Combat Aviation Brigades will be multi-functional, offering a combination of attack helicopters (i.e., Apache), reconnaissance helicopters (i.e., Kiowa), medium-lift helicopters (i.e. Blackhawks), heavy-lift helicopters (i.e. Chinooks), and medical evacuation (MEDEVAC) capability. Aviation will not be organic to combat brigades. It will continue to reside at the division-level due to resource constraints.
Heavy divisions (of which there are six) will have 48 Apaches, 38 Blackhawks, 12 Chinooks, and 12 Medevac helicopters in their aviation brigade. These will be divided into two aviation attack battalions, an assault lift battalion, a general aviation support battalion. An aviation support battalion will have headquarters, refuelling/resupply, repair/maintenance, and communications companies. Light divisions will have aviation brigades with 60 armed reconnaissance helicopters and no Apaches, with the remaining structure the same. The remaining divisions will have aviation brigades with 30 armed reconnaissance helicopters and 24 Apaches, with the remaining structure the same. The helicopters to fill out these large, combined-arms division-level aviation brigades comes from aviation units that used to reside at the corps-level.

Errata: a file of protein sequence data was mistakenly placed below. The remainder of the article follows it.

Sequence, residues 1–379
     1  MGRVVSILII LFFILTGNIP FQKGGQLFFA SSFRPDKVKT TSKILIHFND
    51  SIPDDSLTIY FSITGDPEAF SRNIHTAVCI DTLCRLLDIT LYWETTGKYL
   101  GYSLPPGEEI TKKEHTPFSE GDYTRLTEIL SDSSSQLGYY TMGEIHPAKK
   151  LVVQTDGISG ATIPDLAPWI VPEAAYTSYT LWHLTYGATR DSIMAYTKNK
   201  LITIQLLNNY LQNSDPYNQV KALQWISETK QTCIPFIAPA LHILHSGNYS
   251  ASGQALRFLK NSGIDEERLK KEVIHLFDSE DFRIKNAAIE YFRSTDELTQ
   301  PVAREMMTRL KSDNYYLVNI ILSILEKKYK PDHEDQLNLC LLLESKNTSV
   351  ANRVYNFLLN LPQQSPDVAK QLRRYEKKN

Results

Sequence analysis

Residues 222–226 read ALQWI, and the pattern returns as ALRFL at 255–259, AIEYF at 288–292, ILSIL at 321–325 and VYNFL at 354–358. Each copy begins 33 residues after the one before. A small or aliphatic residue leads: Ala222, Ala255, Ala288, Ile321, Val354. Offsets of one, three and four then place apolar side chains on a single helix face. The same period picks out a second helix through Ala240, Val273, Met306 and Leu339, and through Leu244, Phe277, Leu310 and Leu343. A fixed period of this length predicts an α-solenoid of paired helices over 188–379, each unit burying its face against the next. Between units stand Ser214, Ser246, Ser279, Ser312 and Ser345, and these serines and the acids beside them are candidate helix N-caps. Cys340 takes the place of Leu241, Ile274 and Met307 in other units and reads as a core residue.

Fires Brigades will offer not just traditional artillery fires (Paladin, Howitzer, MLRS, HIMARS) but information operations and non-lethal effects capabilities.
Air Defense: The Army will no longer provide an organic air defense artillery (ADA) battalion to its divisions. Nine of the ten active component (AC) divisional ADA battalions and two of the eight reserve (ARNG) divisional ADA battalions will deactivate. The remaining AC divisional ADA battalion along with six ARNG divisional ADA battalions will be pooled at the Unit of Employment to provide on-call air and missile defense (AMD) protection. The pool of Army AMD resources will address operational requirements in a tailorable and timely manner without stripping assigned AMD capability from other missions.
Sustainment Brigades provide division-level logistics support and above.
Battlefield Surveillance Brigades will offer additional UAVs and long-term surveillance detachments.
Maneuver Enhancement Brigades will command units such as chemical, military police, and civil affairs units. These formations will be designed to be joint so that they under operate with coalition or joint forces such as the Marine Corps.